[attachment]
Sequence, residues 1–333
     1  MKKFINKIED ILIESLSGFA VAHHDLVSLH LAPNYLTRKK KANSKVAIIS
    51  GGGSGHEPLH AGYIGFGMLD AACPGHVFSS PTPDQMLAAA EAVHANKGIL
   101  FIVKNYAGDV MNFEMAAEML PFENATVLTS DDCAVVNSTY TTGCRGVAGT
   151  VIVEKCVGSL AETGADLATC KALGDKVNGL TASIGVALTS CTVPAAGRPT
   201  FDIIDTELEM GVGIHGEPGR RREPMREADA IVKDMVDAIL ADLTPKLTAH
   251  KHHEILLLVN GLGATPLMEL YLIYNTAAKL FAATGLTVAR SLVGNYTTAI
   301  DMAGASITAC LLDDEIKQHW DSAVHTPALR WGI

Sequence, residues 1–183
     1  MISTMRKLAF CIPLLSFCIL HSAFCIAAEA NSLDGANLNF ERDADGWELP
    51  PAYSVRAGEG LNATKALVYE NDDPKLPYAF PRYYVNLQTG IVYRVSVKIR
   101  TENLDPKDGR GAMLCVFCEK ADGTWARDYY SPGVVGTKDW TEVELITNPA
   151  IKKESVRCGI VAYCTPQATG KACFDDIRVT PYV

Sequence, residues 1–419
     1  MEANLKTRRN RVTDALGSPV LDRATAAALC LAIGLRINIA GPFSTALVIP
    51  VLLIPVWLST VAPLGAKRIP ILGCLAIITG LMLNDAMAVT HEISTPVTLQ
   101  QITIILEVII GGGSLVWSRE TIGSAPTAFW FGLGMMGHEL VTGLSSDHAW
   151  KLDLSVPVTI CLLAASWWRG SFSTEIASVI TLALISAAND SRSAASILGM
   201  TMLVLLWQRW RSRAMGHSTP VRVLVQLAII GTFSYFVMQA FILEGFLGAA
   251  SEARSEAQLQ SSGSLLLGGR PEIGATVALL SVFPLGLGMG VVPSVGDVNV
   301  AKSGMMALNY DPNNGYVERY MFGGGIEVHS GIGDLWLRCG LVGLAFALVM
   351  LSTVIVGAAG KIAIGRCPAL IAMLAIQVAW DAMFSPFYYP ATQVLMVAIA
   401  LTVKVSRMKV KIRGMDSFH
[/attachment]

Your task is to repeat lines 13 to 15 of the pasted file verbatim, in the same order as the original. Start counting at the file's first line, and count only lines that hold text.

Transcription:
   151  IKKESVRCGI VAYCTPQATG KACFDDIRVT PYV

Sequence, residues 1–419
     1  MEANLKTRRN RVTDALGSPV LDRATAAALC LAIGLRINIA GPFSTALVIP